* * * * *
“The deer were the next to hold a council. Each one had some story to tell about the cruelty of men. Each one had lost his father or his mother, his wife or his children, his brother or his sister.
“After much talk, their chief, Little Deer, spoke. ‘It is a law,’ said he, ’among all the kindreds that each may kill to supply his needs. The men folk need our flesh to eat and our skins for clothing.
“’But there is another law. It is that no one shall kill cruelly or needlessly. Upon such as do so, let us send pains and aches. Let us make their joints swell and become stiff, so that they cannot follow us and kill us. Besides, let us make another law, that when a hunter kills one of the deer family, he must pray to the spirit of the deer for pardon. If he has killed to supply his needs and without cruelty, he shall be pardoned. If not, he shall become a helpless cripple.’
“The deer people all agreed to this and sent word to the nearest Indian village, to tell the hunters about the new law.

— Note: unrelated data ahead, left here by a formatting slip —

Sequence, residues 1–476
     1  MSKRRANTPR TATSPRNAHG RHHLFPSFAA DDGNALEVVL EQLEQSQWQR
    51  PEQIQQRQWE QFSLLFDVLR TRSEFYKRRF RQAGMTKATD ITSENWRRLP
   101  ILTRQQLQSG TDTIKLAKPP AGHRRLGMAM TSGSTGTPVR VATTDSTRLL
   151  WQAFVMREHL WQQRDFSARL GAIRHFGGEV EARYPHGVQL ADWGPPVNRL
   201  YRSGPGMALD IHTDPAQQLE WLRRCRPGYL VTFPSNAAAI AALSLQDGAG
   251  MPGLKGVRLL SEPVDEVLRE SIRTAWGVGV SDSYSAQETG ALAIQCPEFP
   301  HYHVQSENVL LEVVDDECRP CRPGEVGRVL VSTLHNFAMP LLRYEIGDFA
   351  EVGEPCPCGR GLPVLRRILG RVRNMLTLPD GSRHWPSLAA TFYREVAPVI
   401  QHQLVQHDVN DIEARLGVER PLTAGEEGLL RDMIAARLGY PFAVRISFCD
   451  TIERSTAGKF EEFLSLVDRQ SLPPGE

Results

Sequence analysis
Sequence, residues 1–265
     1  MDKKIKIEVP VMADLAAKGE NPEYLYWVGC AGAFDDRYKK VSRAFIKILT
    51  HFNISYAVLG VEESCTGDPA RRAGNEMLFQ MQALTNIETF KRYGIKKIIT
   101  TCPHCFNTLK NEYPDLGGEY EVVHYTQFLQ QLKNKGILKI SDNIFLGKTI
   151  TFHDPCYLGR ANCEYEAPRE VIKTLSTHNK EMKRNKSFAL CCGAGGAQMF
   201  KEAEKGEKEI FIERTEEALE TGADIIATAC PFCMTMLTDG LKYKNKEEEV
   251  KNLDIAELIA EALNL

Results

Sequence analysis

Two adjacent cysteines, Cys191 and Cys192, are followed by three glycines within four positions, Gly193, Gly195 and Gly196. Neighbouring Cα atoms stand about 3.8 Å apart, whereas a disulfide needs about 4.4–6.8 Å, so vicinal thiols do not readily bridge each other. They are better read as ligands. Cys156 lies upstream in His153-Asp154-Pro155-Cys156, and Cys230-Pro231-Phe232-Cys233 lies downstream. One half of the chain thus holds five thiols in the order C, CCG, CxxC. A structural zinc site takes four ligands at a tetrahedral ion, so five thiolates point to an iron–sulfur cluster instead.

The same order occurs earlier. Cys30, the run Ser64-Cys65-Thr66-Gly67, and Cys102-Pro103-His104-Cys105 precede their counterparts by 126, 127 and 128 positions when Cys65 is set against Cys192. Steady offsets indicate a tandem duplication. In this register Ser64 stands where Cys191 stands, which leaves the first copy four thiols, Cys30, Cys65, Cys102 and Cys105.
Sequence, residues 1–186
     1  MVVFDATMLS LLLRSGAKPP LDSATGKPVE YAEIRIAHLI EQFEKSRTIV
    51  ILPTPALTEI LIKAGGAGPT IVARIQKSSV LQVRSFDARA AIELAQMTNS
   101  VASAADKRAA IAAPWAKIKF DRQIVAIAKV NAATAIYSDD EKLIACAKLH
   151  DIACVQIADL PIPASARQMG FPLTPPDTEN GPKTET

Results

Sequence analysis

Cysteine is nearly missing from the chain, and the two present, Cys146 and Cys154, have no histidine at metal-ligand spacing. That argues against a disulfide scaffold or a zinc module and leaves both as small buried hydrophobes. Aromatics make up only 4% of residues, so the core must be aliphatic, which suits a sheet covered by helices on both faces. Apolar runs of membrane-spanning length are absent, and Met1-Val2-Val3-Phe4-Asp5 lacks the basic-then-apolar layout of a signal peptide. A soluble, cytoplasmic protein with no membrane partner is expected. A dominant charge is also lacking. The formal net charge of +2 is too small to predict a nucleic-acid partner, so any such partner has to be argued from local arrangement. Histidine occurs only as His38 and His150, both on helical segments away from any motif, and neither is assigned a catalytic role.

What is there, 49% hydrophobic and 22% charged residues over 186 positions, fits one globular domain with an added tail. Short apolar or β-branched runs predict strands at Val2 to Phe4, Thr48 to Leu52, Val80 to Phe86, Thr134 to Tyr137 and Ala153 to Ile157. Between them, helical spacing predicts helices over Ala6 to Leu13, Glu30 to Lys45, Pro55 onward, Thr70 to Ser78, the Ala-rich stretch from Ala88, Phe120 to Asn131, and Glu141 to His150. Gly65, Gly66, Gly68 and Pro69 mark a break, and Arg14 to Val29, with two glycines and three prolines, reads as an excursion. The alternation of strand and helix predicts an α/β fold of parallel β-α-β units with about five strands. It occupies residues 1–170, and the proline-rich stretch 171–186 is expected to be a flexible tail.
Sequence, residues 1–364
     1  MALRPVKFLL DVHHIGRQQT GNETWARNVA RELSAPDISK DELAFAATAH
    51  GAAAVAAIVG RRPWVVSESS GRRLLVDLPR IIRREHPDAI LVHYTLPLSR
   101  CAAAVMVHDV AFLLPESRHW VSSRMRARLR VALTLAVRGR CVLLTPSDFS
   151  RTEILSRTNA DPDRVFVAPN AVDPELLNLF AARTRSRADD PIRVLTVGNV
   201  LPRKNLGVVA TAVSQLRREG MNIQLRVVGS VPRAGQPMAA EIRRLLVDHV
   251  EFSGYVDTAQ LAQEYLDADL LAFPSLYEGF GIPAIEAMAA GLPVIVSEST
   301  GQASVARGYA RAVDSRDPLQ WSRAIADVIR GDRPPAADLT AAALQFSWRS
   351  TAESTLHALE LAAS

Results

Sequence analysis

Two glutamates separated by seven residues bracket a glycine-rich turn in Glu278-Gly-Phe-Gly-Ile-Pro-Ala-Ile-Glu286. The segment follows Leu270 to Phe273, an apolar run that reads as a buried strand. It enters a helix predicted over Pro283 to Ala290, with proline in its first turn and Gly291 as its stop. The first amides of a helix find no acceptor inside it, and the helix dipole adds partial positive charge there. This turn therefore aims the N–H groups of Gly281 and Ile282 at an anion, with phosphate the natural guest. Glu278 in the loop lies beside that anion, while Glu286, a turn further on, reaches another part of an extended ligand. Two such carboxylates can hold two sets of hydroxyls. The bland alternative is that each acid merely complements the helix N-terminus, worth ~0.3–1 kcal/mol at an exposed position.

“Since that time every Indian hunter is careful to pray to the spirit of the deer which he has killed.
* * * * *
“Next the fishes and the snakes held a council. Each one had complaints to make against the cruelty of men. After much talk, A-tos-sa the chief of the snakes spoke.
“‘We of the snake kindred,’ said he, ’will afflict men with diseases of their nerves. They shall tremble and shake when there is nothing to be afraid of. And when they draw the bow-strings, their arrows shall go wide of the mark by reason of the unsteadiness of eye and hand. And we will send upon them in their sleep evil dreams. The ghosts of the snakes which they have needlessly killed shall twine about them, with fearful fangs, ready to pierce their flesh, and the cold sweat of terror shall ooze from their skin, and they shall awake with cries and tremblings.’
“After him the chief of the fishes spoke.
“‘We,’ said he, ’will afflict men with diseases of the stomach. In their sleep, they shall dream of eating raw or decayed fish and their appetites shall pass from them.’
“These plans were agreed upon, and the council of the fishes and the snakes broke up.
* * * * *
“After this, the smaller animals, the birds and the insects, gathered themselves together in a common council. Here, too, all were bitter against the useless cruelty of mankind. After all complaints had been heard, Am-wee-soo the Wasp addressed the council.
“‘Each creature,’ said he, ’has the right to live. Our cruel enemies deprive us of our lives which they cannot restore. It is just that they shall be punished. We, the wasps, the bees, and the flies, will send upon men boils and wasting fevers, which shall sap their strength and bring them to their graves.’